Circulating, total, and max supply

  • Circulating supply: how many tokens exists right now
  • Maximum supply: the most tokens that can ever exist
  • Total supply: maximum supply minus burned supply

As a grade school example of these metrics in action, Bitcoin’s circulating supply is relatively low, with a supply cap of 21 million. Dogecoin, on the other hand, has a far higher circulating supply with no cap in sight, making it substantially inflationary.




Valuation metrics

  • Market cap: price times circulating supply
  • Fully diluted valuation (FDV): price times max supply
  • Total value locked: total funds deposited into DeFi protocols
  • Mcap/TVL: market cap divided by total value locked

The next step along our analysis is to evaluate whether a project is under or overvalued compared to projects or businesses of similar size. For this, you can use a tool like Marketcapof.com to show the price of Asset A with the market cap of Asset B (e.g. API3 and Chainlink)

Source: Marketcapof

Mcap/TVL, on the other hand, is a metric similar to the traditional price-to-earnings ratio that allows you to compare Layer 1s by their ecosystem size. Looking at VeChain, an enterprise Layer 1 blockchain, its crypto token (VET) has only about $5 million in TVL but a market cap of $1.97 billion, giving it a Mcap/TVL ratio of 380 as of June 2022.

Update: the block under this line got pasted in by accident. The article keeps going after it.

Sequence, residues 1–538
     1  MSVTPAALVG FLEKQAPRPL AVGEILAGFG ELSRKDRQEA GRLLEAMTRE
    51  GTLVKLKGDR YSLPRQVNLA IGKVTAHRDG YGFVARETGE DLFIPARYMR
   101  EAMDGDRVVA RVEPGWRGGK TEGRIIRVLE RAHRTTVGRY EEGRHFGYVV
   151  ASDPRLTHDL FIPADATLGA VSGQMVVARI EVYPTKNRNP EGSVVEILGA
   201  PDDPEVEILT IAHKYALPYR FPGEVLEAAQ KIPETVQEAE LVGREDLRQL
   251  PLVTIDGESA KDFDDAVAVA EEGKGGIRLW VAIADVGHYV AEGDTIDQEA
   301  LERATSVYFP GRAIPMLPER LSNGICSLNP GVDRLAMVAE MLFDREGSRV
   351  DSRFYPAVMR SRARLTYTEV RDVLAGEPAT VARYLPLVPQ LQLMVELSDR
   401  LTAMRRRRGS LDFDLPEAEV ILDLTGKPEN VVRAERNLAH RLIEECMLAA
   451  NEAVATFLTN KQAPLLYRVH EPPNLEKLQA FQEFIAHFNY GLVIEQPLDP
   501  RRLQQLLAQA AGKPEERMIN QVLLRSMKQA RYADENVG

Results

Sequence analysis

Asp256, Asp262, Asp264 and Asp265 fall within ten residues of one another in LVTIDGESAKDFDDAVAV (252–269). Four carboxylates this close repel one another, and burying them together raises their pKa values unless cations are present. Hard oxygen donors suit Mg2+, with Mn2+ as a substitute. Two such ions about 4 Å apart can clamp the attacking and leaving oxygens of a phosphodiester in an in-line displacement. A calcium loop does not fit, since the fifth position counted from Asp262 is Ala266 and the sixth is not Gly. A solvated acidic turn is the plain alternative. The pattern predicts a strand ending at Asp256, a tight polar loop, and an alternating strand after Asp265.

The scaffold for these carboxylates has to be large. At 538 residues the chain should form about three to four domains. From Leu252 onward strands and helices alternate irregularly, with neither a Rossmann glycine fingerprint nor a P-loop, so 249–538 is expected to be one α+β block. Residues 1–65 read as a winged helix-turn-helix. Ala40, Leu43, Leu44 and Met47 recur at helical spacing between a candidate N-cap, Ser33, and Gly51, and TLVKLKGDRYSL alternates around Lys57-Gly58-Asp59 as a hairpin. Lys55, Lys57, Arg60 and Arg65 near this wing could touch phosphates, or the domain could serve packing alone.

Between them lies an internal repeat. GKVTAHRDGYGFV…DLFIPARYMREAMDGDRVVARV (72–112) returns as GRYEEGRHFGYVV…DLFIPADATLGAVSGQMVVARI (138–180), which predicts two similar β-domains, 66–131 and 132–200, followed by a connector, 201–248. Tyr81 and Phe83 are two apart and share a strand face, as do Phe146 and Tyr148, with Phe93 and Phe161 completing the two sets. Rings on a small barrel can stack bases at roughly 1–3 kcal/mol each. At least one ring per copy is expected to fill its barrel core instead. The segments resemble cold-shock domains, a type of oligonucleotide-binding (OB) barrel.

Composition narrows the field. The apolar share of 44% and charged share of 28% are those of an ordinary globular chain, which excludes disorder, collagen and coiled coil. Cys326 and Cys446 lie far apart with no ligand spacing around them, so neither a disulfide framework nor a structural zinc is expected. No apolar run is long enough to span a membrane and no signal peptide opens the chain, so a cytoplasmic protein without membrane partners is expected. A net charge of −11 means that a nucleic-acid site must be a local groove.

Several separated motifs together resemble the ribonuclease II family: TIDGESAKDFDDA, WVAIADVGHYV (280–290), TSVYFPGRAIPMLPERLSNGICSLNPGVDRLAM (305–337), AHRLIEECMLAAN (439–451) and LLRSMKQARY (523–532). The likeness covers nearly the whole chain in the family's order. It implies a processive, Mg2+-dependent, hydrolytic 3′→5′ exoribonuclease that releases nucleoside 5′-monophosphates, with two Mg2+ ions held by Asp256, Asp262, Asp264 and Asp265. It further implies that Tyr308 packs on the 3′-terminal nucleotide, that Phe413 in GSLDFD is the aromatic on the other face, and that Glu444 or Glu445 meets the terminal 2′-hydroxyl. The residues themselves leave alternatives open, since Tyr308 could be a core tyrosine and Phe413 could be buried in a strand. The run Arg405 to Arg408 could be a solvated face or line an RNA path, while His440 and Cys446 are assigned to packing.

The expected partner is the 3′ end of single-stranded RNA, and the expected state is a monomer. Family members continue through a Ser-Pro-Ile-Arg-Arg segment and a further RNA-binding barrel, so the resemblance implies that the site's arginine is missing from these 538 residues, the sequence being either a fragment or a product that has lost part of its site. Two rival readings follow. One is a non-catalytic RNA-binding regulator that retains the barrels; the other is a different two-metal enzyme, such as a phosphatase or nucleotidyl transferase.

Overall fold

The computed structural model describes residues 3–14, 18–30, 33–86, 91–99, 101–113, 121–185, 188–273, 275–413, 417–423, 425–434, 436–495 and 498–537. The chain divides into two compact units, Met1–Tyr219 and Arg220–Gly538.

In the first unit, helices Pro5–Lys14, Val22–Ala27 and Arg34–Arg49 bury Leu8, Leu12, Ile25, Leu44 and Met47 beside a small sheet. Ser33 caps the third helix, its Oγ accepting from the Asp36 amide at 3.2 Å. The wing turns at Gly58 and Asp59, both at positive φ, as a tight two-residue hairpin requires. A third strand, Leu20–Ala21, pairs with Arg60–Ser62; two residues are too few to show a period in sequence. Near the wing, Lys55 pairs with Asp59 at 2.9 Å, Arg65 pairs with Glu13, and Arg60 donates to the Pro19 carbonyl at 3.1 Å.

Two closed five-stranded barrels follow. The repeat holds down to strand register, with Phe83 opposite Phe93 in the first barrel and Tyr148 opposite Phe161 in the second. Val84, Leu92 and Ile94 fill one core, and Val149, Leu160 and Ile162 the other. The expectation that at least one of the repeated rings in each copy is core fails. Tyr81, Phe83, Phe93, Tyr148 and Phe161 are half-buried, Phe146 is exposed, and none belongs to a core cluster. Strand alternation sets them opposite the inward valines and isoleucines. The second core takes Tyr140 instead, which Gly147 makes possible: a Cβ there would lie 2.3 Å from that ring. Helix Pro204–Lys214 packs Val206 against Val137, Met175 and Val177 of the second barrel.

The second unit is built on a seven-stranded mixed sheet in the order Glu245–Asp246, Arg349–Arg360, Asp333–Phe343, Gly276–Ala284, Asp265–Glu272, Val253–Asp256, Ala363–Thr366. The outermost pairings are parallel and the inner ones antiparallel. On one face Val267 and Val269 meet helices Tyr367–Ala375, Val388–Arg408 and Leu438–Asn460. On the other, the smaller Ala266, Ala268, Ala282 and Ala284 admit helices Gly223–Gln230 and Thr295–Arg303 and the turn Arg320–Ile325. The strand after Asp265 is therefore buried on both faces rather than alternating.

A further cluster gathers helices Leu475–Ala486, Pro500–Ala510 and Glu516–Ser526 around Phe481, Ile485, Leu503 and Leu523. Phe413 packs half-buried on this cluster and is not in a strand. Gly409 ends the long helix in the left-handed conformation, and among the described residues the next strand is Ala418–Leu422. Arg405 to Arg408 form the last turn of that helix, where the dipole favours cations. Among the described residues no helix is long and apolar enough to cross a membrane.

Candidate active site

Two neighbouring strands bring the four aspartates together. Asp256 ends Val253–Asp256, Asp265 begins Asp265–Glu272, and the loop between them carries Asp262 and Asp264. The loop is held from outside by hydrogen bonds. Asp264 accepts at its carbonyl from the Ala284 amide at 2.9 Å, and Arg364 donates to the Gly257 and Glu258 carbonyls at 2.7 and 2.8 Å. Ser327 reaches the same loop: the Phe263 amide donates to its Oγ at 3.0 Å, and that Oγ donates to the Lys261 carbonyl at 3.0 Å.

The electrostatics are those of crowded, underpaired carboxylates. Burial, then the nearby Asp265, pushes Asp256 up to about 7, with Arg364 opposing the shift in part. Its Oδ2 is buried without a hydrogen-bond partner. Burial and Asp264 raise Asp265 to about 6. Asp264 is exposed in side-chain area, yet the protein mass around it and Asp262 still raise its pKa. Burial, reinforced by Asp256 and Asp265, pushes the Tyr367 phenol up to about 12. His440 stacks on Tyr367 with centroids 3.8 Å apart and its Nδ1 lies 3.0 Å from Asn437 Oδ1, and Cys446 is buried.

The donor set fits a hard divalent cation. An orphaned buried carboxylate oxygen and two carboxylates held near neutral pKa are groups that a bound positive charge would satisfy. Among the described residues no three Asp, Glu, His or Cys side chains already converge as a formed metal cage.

This is currently amongst the highest Mcap/TVL ratios across all Layer 1 blockchains. For context, Ethereum currently has a Mcap/TVL ratio of 2.70. In other words, this could indicate that VET is overvalued.

Top 9 blockchains with the highest Mcap/TVL ratios as of June 2022

Source: defillama.com

FDV is another metric for evaluating overvaluation and potential sell pressure. Avalanche (AVAX), for instance, has a market cap of $5.25 billion and a FDV of $13.46 billion as of June 2022. This huge gap indicates that there’s a literal avalanche of tokens that have yet to be released onto the market. 

In some cases, this could mean a severe devaluation in the future. However, in this case it’s not a major red flag, since the supply curve pictured below in combination with Coinmarketcap show that it’s going to take about 4 years for the remaining 61% of max supply to be released. See the importance of paying attention to a token's current market cap versus its FDV?